28 Editable Text 299 Setting BTextView text characteristics After obtaining a copy of a BTextView object s font, you can make any desired changes to the font and then pass these changes back to the text view object. The same applies to the text s color. The BTextView function SetFontAndColor() takes care of both of these tasks: void SetFontAndColor(const BFont *font, uint32 properties = B_FONT_ALL, rgb_color *color = NULL) The font, properties, and color parameters are the variables filled in by a previous call to GetFontAndColor(). In between the calls to GetFontAndColor() and SetFontAndColor(), invoke one or more BFont functions to change the desired font trait. For instance, to change the size of the font used to display the text of a BTextView object named thetextview, invoke the BFont function SetSize() as shown in the following snippet. Note that because this snippet isn t intended to change the color of the text in the thetextview text view object, the call to GetFontAndColor() omits the color and samecolor parameters: BFont font; uint32 sameproperties; thetextview->getfontandcolor(&font, &sameproperties); font.setsize(24.0); thetextview->setfontandcolor(&font, B_FONT_ALL); In this snippet, the BFont object font gets its value from GetFontAndColor(), is altered by the call to SetSize(), and then is passed back to the thetextview object by a call to SetFontAndColor(). The process is not, however, the same for the sameproperties variable. Recall that the GetFontAndColor() uint32 parameter sameproperties returns a mask that specifies which font properties apply to all of the characters in the current selection. The SetFontAndColor() uint32 parameter properties, on the other hand, is a mask that specifies which properties of the BFont parameter passed to SetFontAndColor() should be used in the setting of the text view object s font. Consider the following example: your program declares a BFont variable named thebigfont and sets a variety of its properties (such as size, rotation, and shear), but you d only like SetFontAndColor() to apply this font s size property to a view object s font (perhaps your program has set other characteristics of thebigfont because it plans to use the font elsewhere as well). To do that, pass the Be-defined constant B_FONT_SIZE as the second argument to SetFontAndColor(): BFont thebigfont(be_plain_font); thebigfont.setsize(48.0);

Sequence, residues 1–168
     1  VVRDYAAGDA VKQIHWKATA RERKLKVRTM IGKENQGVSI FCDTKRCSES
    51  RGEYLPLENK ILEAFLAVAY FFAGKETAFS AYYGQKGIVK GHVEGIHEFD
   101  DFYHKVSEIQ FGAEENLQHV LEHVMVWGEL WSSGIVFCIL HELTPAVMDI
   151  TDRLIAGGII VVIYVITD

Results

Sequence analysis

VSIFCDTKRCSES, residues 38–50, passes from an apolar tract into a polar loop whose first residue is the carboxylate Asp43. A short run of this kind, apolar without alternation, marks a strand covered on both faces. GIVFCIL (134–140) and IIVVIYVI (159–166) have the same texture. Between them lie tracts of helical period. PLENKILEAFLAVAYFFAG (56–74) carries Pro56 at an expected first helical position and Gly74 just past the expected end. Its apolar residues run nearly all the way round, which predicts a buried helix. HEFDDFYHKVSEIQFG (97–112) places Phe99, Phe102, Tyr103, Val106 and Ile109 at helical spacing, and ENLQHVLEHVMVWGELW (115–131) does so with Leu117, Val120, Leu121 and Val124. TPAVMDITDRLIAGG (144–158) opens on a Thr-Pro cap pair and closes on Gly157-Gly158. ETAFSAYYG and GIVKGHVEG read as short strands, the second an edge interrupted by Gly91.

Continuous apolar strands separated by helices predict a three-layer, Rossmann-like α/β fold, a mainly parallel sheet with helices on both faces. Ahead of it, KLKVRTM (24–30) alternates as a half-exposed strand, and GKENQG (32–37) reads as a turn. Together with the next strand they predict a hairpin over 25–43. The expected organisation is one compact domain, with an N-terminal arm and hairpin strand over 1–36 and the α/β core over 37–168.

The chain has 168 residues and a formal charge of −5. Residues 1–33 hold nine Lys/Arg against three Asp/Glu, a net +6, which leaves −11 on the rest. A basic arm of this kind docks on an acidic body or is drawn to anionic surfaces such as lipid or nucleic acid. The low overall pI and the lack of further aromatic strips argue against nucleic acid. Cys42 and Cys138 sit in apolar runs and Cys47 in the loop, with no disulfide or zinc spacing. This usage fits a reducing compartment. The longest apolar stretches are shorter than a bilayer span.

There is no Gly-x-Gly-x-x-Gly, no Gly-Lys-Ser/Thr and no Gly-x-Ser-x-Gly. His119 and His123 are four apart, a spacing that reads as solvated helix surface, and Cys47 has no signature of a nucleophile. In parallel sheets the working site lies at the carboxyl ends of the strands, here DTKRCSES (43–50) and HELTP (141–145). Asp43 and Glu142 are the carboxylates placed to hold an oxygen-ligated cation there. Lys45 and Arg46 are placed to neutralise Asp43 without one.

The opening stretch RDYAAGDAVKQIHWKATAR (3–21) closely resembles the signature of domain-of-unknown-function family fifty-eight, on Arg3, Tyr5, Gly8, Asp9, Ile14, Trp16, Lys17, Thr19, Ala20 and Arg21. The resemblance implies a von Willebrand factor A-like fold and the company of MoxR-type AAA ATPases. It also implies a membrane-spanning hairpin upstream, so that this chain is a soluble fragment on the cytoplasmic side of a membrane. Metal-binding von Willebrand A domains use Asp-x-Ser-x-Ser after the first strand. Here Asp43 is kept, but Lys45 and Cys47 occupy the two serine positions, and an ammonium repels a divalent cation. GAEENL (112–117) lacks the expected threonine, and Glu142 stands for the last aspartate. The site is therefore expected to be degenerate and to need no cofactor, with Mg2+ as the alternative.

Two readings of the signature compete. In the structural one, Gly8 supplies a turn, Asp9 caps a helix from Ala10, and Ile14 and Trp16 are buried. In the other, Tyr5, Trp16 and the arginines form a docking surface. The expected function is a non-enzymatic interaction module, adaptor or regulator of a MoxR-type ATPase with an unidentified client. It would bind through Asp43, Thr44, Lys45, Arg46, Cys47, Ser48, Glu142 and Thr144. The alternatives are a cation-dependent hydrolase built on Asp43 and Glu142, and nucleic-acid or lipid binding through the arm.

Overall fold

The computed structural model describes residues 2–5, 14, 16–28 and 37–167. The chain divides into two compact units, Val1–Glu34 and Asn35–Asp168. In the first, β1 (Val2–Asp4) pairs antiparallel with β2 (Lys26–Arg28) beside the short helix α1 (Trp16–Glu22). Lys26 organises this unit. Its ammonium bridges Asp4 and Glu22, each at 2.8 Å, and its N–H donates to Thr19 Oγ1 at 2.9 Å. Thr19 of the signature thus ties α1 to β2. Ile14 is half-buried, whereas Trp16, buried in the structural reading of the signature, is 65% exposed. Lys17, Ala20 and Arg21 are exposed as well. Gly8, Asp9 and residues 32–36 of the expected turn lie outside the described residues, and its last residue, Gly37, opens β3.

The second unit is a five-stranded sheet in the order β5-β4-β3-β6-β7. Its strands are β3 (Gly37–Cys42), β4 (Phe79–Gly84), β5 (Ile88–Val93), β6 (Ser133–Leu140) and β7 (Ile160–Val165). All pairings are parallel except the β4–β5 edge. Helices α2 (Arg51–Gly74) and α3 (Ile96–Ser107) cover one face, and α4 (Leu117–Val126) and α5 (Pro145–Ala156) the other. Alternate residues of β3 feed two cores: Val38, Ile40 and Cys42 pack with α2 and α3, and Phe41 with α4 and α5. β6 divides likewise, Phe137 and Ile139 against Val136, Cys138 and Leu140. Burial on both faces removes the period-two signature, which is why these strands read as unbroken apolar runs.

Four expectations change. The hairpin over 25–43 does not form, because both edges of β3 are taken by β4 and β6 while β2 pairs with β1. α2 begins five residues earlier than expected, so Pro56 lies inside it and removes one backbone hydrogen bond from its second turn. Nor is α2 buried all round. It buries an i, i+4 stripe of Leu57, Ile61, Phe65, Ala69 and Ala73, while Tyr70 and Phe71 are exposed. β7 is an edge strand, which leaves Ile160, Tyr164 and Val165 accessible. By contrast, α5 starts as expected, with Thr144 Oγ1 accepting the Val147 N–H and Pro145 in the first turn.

29 300 Chapter 8: Text thebigfont.setrotation(-45.0); thebigfont.setshear(120.0); thetextview->setfontandcolor(&thebigfont, B_FONT_SIZE); In this snippet, you ll note that there s no call to GetFontAndColor(). Unlike previous snippets, this code doesn t obtain a copy of the current font used by thetextview, alter it, and pass the font back to thetextview. Instead, it creates a new font based on the system font be_plain_font, changes some of that font s characteristics, then passes this font to SetFontAndColor(). The important point to note is that passing B_FONT_SIZE as the second properties mask tells SetFontAndColor() to leave all of the characteristics of the font currently used by thetextview unchanged except for its size. The new size will be that of the first parameter, thebigfont. The font control definitions such as B_FONT_SIZE are located in the View.h header file. To change the color of a BTextView object s text, assign an rgb_color variable the desired color and then pass that variable as the third parameter to SetFontAndColor(). Here, the BTextView thetextview is set to display the characters in the current selection in red: BFont font; uint32 sameproperties; rgb_color redcolor = {255, 0, 0, 255}; thetextview->getfontandcolor(&font, &sameproperties); thetextview->setfontandcolor(&font, B_FONT_ALL, &redcolor); Allowing multiple character formats in a BTextView By default, all of the text that is typed or pasted into a BTextView object shares the same characteristics. That is, it all appears in the same font, the same size, the same color, and so forth. If the object is left in this default state, user attempts to change the characteristics of some of the text will fail all of the text in the object will take on whatever change is made to any selected text. To allow for multiple character formats in a single text view object, pass a value of true to the BTextView function SetStylable(). thetextview->setstylable(true); To reverse the setting and prevent multiple character formats in a text view object, pass SetStylable() a value of false. Note that in doing this any styles that were previously applied to characters in the text view will now be lost. To test a text view object s ability to support multiple character formats, call the BTextView function IsStylable(): bool supportsmultiplestyles; supportsmultiplestyles = thetextview->isstylable();